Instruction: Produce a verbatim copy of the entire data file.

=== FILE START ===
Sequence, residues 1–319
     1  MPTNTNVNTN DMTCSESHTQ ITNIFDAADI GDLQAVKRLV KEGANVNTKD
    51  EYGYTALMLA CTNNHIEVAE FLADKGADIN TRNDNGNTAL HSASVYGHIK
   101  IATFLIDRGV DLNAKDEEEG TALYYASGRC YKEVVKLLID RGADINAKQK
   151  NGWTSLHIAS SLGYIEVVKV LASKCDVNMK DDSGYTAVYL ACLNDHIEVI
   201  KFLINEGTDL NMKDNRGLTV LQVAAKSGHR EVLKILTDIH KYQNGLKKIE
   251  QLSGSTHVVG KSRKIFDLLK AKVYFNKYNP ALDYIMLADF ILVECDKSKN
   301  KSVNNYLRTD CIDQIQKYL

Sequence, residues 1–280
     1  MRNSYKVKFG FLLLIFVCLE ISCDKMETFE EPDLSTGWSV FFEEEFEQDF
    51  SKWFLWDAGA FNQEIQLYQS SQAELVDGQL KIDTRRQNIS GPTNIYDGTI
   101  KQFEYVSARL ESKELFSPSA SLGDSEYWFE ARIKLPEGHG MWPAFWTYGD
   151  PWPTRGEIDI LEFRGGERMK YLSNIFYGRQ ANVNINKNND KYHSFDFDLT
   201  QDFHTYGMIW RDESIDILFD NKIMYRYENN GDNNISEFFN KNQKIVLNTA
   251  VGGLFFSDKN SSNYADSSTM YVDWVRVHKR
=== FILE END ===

Sequence, residues 1–319
     1  MPTNTNVNTN DMTCSESHTQ ITNIFDAADI GDLQAVKRLV KEGANVNTKD
    51  EYGYTALMLA CTNNHIEVAE FLADKGADIN TRNDNGNTAL HSASVYGHIK
   101  IATFLIDRGV DLNAKDEEEG TALYYASGRC YKEVVKLLID RGADINAKQK
   151  NGWTSLHIAS SLGYIEVVKV LASKCDVNMK DDSGYTAVYL ACLNDHIEVI
   201  KFLINEGTDL NMKDNRGLTV LQVAAKSGHR EVLKILTDIH KYQNGLKKIE
   251  QLSGSTHVVG KSRKIFDLLK AKVYFNKYNP ALDYIMLADF ILVECDKSKN
   301  KSVNNYLRTD CIDQIQKYL

Sequence, residues 1–280
     1  MRNSYKVKFG FLLLIFVCLE ISCDKMETFE EPDLSTGWSV FFEEEFEQDF
    51  SKWFLWDAGA FNQEIQLYQS SQAELVDGQL KIDTRRQNIS GPTNIYDGTI
   101  KQFEYVSARL ESKELFSPSA SLGDSEYWFE ARIKLPEGHG MWPAFWTYGD
   151  PWPTRGEIDI LEFRGGERMK YLSNIFYGRQ ANVNINKNND KYHSFDFDLT
   201  QDFHTYGMIW RDESIDILFD NKIMYRYENN GDNNISEFFN KNQKIVLNTA
   251  VGGLFFSDKN SSNYADSSTM YVDWVRVHKR